Gerard served in the navy for 17 years before joining the Australian War Memorial as a floor supervisor in the Visitor Services Team. He has worked in a few different positions at the Memorial and is now the assistant manager of events and ceremonies, which involves working on the Anzac Day and Remembrance Day ceremonies as well as many other special events and ceremonies that take place at the Memorial. He is still a member of the Navy Reserves.
When I was younger I had two uncles who were in the navy and that was all I ever talked about. So since I was five, the navy was always something I knew I was going to do. I always had a strong interest in the Royal Australian Navy (RAN) – where they were, what they were doing and how they were doing it. So as soon as I was old enough off, I went and enlisted.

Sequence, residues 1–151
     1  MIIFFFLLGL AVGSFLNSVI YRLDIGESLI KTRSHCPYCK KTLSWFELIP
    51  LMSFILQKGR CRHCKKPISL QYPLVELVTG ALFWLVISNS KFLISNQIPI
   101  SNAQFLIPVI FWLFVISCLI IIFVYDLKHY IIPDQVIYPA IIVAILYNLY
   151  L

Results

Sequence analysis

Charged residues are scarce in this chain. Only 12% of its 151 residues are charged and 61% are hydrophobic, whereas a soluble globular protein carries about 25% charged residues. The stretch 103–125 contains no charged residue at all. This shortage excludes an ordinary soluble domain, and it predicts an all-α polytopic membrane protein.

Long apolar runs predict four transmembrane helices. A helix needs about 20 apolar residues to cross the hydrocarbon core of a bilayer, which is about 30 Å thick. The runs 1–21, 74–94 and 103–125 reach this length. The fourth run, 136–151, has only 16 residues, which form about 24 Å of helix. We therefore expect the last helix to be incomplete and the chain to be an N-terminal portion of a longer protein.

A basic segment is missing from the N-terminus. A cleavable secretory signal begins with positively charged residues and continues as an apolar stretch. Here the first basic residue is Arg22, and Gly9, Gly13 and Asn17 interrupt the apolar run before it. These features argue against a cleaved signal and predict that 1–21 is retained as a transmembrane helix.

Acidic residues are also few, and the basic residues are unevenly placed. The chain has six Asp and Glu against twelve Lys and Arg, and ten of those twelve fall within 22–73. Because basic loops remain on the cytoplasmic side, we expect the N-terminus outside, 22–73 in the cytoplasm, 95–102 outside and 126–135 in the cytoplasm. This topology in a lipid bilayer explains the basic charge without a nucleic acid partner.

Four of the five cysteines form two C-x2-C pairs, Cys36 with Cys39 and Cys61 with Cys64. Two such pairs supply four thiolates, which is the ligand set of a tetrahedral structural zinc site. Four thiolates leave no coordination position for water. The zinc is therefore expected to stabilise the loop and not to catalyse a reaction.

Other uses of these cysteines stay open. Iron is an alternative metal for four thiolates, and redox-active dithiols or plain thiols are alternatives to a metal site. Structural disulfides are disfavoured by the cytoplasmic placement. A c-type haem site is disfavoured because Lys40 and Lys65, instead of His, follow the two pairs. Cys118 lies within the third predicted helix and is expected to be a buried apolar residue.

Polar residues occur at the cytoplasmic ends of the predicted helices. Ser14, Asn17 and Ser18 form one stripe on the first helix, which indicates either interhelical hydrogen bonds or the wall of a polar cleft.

I was working in communications. Initially I joined as a radio operator and my primary role was radio communications between ships and shore establishments through radios and satellites using automated teletype and morse code. In 2002 that position was amalgamated with the Signalman branch the people who communicate via visual signals such as semaphore, flags and morse code through flashing light and in addition the position took on IT as well. So we became super communicators because we did radio and visual signals and IT.
I did 17 years in the navy, and in that time I served ashore in Melbourne, Canberra, Darwin, Sydney and Nowra. I was also posted ashore to Dili in East Timor from January to May 2000 just after the Australian Forces went in to help the East Timorese people make the transition to an independent nation so that was pretty exciting. I also served in a number of ships, including the destroyers HMAS Brisbane, HMAS Hobart and HMAS Perth. My last sea posting was in HMAS Kanimbla where we were involved with the initial actions against Iraq in 2003.